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The market can still provide strong returns - as long as you manage the risks.

The market can still provide strong returns - as long as you manage the risks.

Two years after shares hit rock bottom, investors are still grappling with risk. From the Greek debt crisis, political turmoil in the Middle East and the stalled US recovery to Australia's patchwork economy and fears about a carbon tax, it's enough to make investors crawl under the bed along with their savings.

But that would be a mistake.

In the boom years leading up to the global financial crisis, people chased returns and ignored risk.

The danger now is that investors are focused on risk based on fear and not the fundamentals of investing.

''People forgot the fundamentals of risk management by the time the GFC came it was too late. So now there's a re-evaluation of how to manage risk,'' says Russell Investments investment specialist Scott Fletcher.

Risk in the markets, as in life, can't be avoided. It is how you manage risk that counts. But first you have to recognise and understand it.

Risk is one half of the risk-and-reward equation. When people start investing they tend to focus exclusively on returns. It often takes a market crash to appreciate that the management of risk, along with time in the market, is the key to healthy long-term returns.

Academics and fund managers define risk as volatility or variations in the price of an asset or market. They measure this using a statistical measure called standard deviation.

Investors tend to see things differently though.


''Risk for me is not really about volatility but the probability of loss from an investment,'' says Greg Canavan, investor and author of the Sound Money, Sound Investments newsletter.

''Traders look at volatility because their decision-making is short term. But if you are a long-term investor like me, I'm more worried about the probability of losing part of my money,'' he says.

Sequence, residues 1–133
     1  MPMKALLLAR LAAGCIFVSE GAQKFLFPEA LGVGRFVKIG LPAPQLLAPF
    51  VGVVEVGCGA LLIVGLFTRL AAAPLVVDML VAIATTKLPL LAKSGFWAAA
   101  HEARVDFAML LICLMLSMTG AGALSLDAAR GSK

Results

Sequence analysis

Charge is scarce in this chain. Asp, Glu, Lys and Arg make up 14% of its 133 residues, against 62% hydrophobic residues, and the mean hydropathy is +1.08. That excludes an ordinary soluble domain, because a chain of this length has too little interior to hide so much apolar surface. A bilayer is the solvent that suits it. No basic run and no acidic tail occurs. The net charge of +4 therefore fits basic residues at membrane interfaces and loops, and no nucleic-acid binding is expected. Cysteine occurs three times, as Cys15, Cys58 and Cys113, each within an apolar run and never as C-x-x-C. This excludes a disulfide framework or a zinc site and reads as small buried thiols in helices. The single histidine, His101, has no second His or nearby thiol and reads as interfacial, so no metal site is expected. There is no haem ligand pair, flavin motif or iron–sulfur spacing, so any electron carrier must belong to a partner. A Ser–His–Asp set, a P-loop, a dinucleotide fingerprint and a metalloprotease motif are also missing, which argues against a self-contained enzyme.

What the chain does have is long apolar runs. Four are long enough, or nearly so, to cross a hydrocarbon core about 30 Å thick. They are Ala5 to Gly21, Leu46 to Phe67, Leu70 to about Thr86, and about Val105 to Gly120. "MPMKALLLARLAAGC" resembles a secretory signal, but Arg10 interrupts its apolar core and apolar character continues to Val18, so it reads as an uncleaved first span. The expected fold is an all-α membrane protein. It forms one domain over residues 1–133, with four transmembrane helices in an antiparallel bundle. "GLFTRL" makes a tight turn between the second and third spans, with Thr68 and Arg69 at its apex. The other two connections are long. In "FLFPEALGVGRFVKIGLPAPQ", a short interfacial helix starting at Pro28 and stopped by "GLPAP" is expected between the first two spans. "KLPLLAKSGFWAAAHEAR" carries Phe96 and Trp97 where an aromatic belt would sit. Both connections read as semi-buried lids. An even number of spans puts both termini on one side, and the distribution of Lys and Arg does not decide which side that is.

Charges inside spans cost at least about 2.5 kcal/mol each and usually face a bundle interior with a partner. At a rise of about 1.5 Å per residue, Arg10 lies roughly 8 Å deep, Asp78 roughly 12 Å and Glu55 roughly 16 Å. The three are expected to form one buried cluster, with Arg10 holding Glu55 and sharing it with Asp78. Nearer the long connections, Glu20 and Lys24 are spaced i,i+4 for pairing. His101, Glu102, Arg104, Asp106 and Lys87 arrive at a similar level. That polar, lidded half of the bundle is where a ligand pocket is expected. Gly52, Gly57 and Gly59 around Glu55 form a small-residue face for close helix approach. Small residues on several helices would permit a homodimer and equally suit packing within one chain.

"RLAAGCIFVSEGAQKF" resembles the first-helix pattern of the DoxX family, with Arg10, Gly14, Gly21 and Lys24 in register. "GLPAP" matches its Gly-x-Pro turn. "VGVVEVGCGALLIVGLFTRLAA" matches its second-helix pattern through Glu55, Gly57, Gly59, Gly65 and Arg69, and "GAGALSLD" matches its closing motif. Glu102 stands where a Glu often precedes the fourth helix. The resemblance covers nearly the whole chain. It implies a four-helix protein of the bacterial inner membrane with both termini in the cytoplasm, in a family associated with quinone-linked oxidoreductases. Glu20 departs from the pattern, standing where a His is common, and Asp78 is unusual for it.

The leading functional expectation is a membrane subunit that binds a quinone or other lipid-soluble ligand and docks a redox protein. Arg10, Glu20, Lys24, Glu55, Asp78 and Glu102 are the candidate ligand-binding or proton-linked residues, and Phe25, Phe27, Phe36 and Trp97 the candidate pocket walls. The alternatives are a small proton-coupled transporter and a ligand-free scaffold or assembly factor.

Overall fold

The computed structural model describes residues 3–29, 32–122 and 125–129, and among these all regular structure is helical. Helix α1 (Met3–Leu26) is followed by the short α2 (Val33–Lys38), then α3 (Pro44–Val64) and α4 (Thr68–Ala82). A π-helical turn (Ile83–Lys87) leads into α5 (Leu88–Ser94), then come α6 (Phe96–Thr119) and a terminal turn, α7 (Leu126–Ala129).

Academic studies have shown that investors fear a loss far more than they value a gain and that this leads to poor decision-making.

Most people sell when prices fall and buy when they are high, when it would be more rational, and profitable, to do the opposite.

Investor and author of Building Wealth in the Stock Market Colin Nicholson says people need to act in the sharemarket as they do in the supermarket. ''If your favourite brand of coffee is selling for half-price at the local supermarket then you will buy more because it's on special,'' he says. ''But in the stock market people don't buy things when they're cheap, they buy when prices are high.

''Sometimes prices are low because they are bad companies but if they are low because it is the low point in the [economic] cycle then sound businesses may be cheap.'' Fletcher agrees volatility is an incomplete measure of an investor's total exposure to risk because it measures only market risk.

''People need to step back and look at risk firstly from the point of view of their overall wealth,'' he says.

From the perspective of a long-term investor, especially someone in the wealth accumulation phase, Fletcher says there are three key risks to manage:

Risk of capital loss, which might erode your basic standard of living up to and through retirement.Shortfall risk, or the risk of not being able to fund retirement goals.Inflation risk, the risk of returns not keeping pace with inflation.Only after addressing these issues should you consider the market-linked investment risks, which grab the headlines.

During and after the financial crisis, investors fled to the safety of cash investments. ''Cash is great for addressing the risk of capital loss but it's terrible for addressing shortfall or inflation risk,'' Fletcher says.